hospital story. Alex perez stat down with the siblings now suing the hospital. Here's the exclusive interview. Reporter: When sarah fudacz was wheeled in the operating room at toledo medical center,... See More
hospital story. Alex perez stat down with the siblings now suing the hospital. Here's the exclusive interview. Reporter: When sarah fudacz was wheeled in the operating room at toledo medical center, she thought she was given the gift of life. Instead, she awakened to a nightmare. Her ordeal began last mohr. She was diagnosed with chronic kidney fail your. To live, she would need a transplant. And doctors found a perfect match, her brother, paul. When he said yes, it was the most amazing feeling in my life. Reporter: That relief had turned to disbelief. I knew that something had gone wrong. I lifted up my shirt and realized I didn't have a an incision. Reporter: And the startling truth. A nurse had accidentally thrown away paul's donor kidney, apparently thinking it was medical waste. What made it clear to me, was seeing my sister walking around fine. And then, laying in bed, in a lot of pain. Somebody wasted part of my brother. Reporter: For three months, she was forced to return to dialysis. I just cried because i couldn't believe that I was back where I started, when I should have been healthy. I should have been recovering. Reporter: The hospital eventually found her another kidney in colorado and paid for fudacz's travel. But the fudacz family has filed a lawsuit. The university of toledo has issued a statement. We apologize. In court, the hospital is fighting back, asking a judge to dismiss parts of the lawsuits, leaving sarah fudacz to fight not only for her health, but she says, for justice. They threw away my life. They threw away something that meant so much to me. Reporter: For "good morning america," alex perez, abc news, chicago. Dr. Rich besser, back with us. The first question we all think, is how is this possible? They mark it up a million times. And asked me about it. When you talk about errors in medicine, there's errors that are called sometimes errors, no matter what you do, occasionally you're going to have a problem. You're going to have infection. Or you're going to have that outcome. This is what is called a never event. It should never happen. Because of the experience you have. There should be checklists, procedures that you follow, just like an airplane pilot follows. A kidney is not a small organ mistaken for medical waste. People did lose their job over this. It's clear they understood this should never happen. And it's not something people were going in for an organ donation or thinking about donating. What about the brother and sister. She had to wait several months for a match. When you donate an organ to a relative, it's a beautiful thing. You're putting yourself at slight risk. You can live fine with one kidney. But if something happens to that, you're at risk. He did that without any benefit to his sister. There's a benefit if you get an organ from a living donor. I don't know if the second kidney was from a living donor of someone who is deceased. There's better survival of a living donor. Both people here, at some risk. It's a sad story. But 17,000 kidney transplants a year. Never happens. Thank you so much.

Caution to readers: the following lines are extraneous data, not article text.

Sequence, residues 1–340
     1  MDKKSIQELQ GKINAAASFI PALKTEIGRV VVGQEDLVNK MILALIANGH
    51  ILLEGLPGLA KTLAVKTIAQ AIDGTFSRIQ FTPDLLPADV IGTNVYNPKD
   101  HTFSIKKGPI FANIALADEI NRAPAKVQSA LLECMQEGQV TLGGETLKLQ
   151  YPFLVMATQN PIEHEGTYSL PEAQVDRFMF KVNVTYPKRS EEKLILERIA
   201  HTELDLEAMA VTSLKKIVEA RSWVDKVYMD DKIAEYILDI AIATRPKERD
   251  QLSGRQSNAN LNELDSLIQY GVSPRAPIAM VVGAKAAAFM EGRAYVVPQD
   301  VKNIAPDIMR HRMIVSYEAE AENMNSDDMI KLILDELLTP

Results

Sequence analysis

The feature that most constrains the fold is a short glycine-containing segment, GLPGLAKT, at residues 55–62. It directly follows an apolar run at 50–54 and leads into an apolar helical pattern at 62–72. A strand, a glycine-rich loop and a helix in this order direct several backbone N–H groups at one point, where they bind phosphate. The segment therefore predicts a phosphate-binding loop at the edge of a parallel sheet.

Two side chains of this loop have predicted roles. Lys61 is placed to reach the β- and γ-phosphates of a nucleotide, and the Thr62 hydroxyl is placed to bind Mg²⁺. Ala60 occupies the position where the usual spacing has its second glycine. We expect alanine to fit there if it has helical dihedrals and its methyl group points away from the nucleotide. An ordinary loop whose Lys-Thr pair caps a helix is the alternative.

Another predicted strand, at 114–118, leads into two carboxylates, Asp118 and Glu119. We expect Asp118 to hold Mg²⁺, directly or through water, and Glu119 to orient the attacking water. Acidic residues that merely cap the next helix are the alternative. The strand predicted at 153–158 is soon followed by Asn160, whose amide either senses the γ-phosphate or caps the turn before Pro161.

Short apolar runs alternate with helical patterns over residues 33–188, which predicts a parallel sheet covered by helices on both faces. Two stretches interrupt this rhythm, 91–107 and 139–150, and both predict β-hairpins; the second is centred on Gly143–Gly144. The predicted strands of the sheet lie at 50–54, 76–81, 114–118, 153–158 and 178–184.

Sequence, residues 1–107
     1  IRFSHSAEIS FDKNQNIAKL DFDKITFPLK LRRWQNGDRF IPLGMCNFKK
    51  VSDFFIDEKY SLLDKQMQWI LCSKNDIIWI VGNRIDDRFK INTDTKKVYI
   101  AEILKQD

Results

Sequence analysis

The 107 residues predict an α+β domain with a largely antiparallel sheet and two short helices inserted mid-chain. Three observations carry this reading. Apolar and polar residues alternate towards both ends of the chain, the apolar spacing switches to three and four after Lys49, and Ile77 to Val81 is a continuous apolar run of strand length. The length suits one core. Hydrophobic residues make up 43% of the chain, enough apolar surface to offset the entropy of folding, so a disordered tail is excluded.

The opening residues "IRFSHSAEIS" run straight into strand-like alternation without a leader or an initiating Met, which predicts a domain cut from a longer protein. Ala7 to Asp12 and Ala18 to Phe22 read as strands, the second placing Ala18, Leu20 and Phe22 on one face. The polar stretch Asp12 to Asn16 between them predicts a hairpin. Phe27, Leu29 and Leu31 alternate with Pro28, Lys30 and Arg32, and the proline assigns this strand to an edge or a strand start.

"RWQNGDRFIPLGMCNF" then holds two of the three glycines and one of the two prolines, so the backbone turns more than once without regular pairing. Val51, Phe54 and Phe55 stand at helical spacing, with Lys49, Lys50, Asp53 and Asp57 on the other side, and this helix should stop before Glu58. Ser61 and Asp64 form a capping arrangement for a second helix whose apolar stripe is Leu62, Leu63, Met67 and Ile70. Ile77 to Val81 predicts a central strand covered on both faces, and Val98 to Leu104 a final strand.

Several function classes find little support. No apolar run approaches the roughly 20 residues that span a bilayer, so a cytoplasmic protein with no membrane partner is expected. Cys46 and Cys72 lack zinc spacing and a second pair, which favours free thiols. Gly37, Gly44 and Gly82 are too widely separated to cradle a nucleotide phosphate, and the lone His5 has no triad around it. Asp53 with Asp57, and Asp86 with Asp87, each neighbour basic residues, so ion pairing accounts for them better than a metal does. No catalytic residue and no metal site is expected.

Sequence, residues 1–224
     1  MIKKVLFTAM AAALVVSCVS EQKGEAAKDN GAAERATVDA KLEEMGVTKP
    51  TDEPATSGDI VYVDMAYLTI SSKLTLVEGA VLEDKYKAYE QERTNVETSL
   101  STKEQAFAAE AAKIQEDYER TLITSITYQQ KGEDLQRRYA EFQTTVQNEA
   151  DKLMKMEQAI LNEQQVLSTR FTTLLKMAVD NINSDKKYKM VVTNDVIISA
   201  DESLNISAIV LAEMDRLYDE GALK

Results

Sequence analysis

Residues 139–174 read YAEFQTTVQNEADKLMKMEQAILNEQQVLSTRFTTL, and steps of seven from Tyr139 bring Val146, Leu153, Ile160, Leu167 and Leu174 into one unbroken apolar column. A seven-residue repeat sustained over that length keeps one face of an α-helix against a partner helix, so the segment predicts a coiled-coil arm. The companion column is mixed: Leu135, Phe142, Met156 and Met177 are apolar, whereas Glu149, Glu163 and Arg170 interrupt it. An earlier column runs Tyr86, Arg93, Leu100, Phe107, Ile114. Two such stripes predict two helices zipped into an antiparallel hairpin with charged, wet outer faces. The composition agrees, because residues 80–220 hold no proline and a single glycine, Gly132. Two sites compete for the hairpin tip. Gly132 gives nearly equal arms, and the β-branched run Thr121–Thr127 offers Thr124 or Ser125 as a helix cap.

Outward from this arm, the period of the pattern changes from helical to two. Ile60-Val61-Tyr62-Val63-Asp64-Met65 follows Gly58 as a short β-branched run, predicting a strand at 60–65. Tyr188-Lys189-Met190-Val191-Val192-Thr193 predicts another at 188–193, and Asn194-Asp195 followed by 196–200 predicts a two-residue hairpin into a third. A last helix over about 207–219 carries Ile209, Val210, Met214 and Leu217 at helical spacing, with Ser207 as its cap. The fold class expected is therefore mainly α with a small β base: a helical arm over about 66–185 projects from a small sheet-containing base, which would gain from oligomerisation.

This transcript has been automatically generated and may not be 100% accurate.